When I'm disproportionately shocked over an urban thing that's normal to most people, I call it "my Challis coming out." And my Challis definitely came out last weekend when I went bowling with some friends.
I've lived outside of my hometown for nearly three years now, yet this was my first time visiting any bowling alley besides Challis Lanes.
It was a tad overwhelming. We went on "cosmic bowling" night, complete with blacklights, disco ball, smoke machines, karaoke, full-blast speakers and screens upon screens filled with cheesy animations, detailed bowling statistics and the Blazers game. I felt a bit claustrophobic between the flashing lights, the pounding, off-key Moana songs in my ears and the crowds of people all around. I bowled like garbage the first few rounds, but when I started doing better one of my friends asked me why it looked like I actually knew what I was doing.
Apparently it's never come out in conversation with my college friends that bowling was a huge part of my childhood. It’s something I often forget, too: I was on my elementary bowling league from first until sixth grade.
After school on Wednesdays, everyone on the league would meet Mrs. Piva at the front doors of the elementary school. We'd have to wait what felt like an eternity for everyone to get there. When we were finally ready to go, we all followed Mrs. Piva down the hill, past the high school, to the highway. We'd wait on the sidewalk while she marched to the middle of the crosswalk and raised her handheld stop sign to the oncoming traffic. We'd sprint across the highway to the bowling alley parking lot and race inside to be the first one to throw off our backpacks and get our shoes.
A man named Ron, who I found grumpy and intimidating, taught us to bowl. He showed us how to pick a suitable ball, which dot behind the foul line to carefully toe and how to swing your arm to make the ball fly straight over the center arrow.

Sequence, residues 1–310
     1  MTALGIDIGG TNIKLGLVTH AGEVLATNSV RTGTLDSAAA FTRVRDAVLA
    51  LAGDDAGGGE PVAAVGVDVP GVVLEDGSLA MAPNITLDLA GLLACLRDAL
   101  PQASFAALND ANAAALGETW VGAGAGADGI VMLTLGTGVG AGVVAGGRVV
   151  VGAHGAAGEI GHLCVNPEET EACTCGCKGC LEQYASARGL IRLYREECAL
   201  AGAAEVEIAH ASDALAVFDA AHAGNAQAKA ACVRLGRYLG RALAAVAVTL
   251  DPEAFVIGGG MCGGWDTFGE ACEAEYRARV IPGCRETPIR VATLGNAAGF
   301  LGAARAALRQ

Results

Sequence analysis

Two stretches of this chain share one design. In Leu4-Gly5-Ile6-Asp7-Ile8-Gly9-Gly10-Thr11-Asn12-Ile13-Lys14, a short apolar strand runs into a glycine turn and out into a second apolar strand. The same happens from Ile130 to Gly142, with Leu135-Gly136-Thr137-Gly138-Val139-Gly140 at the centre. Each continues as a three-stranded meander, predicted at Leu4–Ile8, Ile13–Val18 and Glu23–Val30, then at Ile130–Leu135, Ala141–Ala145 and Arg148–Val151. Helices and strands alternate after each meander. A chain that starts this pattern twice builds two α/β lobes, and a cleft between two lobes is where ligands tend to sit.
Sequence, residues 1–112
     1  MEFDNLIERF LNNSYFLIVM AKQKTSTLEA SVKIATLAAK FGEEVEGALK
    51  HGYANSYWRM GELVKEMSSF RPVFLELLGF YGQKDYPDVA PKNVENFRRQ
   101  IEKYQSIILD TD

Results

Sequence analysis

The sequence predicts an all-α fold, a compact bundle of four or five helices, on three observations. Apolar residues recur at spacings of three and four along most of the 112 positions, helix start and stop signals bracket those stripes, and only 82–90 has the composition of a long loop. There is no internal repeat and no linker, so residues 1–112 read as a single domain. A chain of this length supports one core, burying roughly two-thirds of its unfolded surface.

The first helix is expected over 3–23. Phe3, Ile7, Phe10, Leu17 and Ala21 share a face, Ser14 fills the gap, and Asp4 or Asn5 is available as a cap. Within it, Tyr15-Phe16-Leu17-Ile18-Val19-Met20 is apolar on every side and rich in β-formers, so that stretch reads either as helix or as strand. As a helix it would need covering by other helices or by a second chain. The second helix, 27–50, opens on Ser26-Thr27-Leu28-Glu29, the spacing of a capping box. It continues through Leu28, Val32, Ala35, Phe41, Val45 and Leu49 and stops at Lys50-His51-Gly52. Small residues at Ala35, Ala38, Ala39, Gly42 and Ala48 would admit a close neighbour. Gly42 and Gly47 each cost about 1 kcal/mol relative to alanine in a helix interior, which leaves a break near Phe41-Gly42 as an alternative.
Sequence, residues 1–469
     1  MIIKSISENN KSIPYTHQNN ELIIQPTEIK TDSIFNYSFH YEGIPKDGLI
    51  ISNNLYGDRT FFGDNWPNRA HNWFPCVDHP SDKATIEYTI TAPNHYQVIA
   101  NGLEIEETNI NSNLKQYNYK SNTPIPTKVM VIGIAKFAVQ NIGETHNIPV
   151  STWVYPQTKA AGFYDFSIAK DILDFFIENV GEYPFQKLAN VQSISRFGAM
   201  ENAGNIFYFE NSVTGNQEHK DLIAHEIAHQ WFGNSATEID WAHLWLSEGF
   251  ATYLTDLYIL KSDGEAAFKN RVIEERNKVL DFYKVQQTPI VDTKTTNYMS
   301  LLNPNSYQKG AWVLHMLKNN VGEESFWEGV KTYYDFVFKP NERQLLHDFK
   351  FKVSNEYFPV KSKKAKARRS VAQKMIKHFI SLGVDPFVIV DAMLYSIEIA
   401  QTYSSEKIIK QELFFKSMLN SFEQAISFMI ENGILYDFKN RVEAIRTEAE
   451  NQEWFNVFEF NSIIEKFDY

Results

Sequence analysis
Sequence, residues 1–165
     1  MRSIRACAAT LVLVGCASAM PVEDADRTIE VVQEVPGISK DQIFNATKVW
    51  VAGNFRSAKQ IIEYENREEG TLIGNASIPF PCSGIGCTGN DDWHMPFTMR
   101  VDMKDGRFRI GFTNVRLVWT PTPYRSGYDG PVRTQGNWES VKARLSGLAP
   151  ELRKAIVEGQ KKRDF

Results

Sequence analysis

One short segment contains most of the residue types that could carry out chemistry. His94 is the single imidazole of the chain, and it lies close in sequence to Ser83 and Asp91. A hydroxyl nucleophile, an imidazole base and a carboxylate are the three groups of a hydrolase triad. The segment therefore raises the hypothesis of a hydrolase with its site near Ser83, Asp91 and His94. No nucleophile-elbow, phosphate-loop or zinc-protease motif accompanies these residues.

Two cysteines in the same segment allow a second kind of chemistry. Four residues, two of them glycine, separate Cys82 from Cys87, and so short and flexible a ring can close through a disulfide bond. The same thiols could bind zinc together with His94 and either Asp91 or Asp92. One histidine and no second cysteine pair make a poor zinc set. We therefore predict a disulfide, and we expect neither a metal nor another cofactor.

As we got older, we didn't have to wait for Mrs. Piva at the front doors. We could walk out of class and cross the highway to the bowling alley ourselves. And one day my friend Ken convinced me that standing on the dot at the foul line was childish, and I worked up the courage to ask Ron to teach me an approach. Then I felt like a real bowler.
I was on a team with my cousin. We were pretty proud when we came up with the best bowling team name ever: Eagle Strike. (We didn't copyright it. You can use it if you need a really good name for your bowling league.) In fifth grade, a new girl moved to the school; she and I quickly became best friends. I convinced her to join my bowling team. It turned out she sucked at bowling. I joked that she got so many gutter balls we should have been awarded negative points. But that was okay because she was my best friend. And most of the trophies were for personal – not team – stats anyway.
I got a lot of trophies and medals over the years. My mom and grandma came to watch every game. Not many other people’s family came to watch them, so I figured I must be pretty good, and when I won awards, it made me feel like the money my mom spent to put me in the league was worth it. I kept them displayed on my dresser for years, but by high school it felt silly to display so many chintzy trophies, so I eventually put them in a box and kept them under my bed.
In high school, I quit the league, prioritizing basketball over bowling, thinking it was important to do a real sport (joke's on high-school-freshman me: I quit basketball two years later and never cared about sports again). But we went bowling sometimes for senior year P.E. We'd bring a dollar bill to Mrs. Zollinger, walk across to the crosswalk, split into teams and play as many rounds as possible before we ran out of class time.
We’d bring a couple extra dollars to buy food or milkshakes, since the bowling alley was one of the main restaurants in town anyway. We’d have fun trying to program nicknames into the decades-old computers. We sat on the curved, bumpy, orange-and-cream benches, each person awaiting his/her turn to bowl, sliding into one another or cracking jokes.
The outside of the bowling alley is old and dented. Sometimes the ball return doesn’t work, and the computer often glitches. There are no animated screens assaulting your senses or strangers invading your space. The only sounds flooding your ears are laughing or talking or a ball hitting the floor or the pins (or – occasionally – the ceiling).
It sounds silly, but anyone who's ever lived in Challis will probably tell you that the bowling alley is strangely vital to the town. It's a place to meet, and it's a place to make memories. In the grand scheme of things, it's a very small part of my life, but I don’t think bowling will be the same anywhere like it is at Challis Lanes.